The pilot of an experimental helicopter died Wednesday after he crashed into a hangar facility at Billings Logan International Airport, said airport director Kevin Ploehn.
The 74-year-old Billings-area man was the only person in the helicopter when the crash was reported at about 12:43 p.m., said Billings Police Department Lt. Brandon Wooley.
The aircraft was an "experimental RW-1 helicopter," said Allen Kenitzer, a communications official with the Federal Aviation Administration's Northwest Mountain Region.
"Details are still being sorted out as there were no witnesses to the incident," Ploehn wrote in a press release issued Wednesday afternoon.
"Someone that was up in their hangar heard it, eventually went around the corner and saw it," Ploehn added in an interview. The pilot was not in communication with air traffic control at the time, he said.
The FAA and National Transportation Safety Board will investigate the crash.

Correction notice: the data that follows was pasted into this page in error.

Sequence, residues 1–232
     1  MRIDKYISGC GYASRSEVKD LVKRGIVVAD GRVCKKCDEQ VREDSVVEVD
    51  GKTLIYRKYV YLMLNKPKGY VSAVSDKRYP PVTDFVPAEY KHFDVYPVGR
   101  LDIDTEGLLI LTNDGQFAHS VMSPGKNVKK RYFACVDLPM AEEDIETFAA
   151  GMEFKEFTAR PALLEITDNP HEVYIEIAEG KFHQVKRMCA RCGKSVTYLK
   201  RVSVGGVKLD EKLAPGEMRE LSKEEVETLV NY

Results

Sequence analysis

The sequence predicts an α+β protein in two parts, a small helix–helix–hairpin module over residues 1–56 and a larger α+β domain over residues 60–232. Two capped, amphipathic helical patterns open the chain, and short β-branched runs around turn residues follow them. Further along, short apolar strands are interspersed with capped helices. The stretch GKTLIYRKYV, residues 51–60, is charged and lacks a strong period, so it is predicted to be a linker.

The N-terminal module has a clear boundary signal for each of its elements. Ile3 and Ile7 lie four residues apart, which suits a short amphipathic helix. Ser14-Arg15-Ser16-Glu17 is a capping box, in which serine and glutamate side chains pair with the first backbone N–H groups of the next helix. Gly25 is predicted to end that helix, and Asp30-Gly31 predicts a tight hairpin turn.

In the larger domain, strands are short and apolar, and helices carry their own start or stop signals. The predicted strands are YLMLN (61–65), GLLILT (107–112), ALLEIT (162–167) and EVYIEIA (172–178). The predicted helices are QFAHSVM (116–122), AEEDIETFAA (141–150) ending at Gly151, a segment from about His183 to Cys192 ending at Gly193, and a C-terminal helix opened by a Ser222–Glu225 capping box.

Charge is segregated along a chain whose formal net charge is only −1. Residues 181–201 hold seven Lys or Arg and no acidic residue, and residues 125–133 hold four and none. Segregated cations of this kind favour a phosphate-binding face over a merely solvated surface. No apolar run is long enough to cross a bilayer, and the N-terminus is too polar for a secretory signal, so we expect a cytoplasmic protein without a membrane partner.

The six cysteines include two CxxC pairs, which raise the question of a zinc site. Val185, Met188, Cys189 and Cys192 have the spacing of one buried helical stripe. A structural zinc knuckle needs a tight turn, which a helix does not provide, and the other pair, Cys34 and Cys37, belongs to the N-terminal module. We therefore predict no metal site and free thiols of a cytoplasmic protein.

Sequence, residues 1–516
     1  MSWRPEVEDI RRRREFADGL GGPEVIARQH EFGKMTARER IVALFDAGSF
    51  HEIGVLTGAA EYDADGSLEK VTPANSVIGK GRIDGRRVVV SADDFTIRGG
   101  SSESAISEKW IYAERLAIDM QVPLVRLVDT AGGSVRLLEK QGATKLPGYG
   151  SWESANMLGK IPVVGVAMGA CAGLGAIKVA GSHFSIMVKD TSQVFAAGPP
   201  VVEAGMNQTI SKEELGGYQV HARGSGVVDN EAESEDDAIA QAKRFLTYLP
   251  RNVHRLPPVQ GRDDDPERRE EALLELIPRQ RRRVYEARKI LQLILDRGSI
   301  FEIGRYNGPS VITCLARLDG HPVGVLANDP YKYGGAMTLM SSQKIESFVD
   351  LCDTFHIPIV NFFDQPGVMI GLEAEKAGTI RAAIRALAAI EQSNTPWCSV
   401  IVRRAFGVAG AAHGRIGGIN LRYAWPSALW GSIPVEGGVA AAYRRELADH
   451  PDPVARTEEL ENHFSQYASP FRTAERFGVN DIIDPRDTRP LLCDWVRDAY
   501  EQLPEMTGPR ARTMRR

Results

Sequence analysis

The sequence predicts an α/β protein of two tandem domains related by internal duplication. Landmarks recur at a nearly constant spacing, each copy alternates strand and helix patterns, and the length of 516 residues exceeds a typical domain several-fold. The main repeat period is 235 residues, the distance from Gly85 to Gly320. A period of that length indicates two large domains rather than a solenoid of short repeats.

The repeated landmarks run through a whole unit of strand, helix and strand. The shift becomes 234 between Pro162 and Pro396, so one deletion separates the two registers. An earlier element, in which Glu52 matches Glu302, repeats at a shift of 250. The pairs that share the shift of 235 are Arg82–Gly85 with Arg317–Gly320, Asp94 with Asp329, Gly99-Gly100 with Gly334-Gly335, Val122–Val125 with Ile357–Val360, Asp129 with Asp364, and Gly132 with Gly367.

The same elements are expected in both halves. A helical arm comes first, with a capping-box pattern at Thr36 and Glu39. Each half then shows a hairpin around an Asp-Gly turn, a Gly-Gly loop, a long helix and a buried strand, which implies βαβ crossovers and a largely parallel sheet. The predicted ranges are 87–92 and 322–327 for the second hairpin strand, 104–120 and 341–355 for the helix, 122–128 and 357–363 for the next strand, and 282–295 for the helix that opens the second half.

The aircraft crashed into a private hangar, Wooley said. Police would not speculate as to the cause of the crash, and no one else was injured in the incident, he said.
The hangar was unoccupied at the time of the crash and airport officials are unsure whether the hangar belonged to the pilot, Ploehn said.
No other flight traffic was disrupted as a result of the crash, he said, but the area around the hangar will be closed until FAA and NTSB officials arrive Thursday to begin their investigation. The runway and taxi field are not expected to have any closures, Ploehn added.
Billings police and firefighters, along with the Yellowstone County Sheriff's Office, airport police and airport firefighters responded to the private hangar west of the airport.
The name of the pilot is being withheld until family has been notified, according to Ploehn's press release.
Officials originally described the aircraft involved in the crash as a helicopter, but Ploehn referred to it as "an experimental gyrocopter" in his later press release. Speaking by phone, Ploehn described the aircraft as distinct from a traditional helicopter because it does not have a fully enclosed cockpit.
"It's kind of a recreational-type thing, the blades are above you and you're kind of in an open cockpit," he said.
The Billings Gazette's Matt Hoffman, Sam Wilson and Michael Kordenbrock contributed to this report.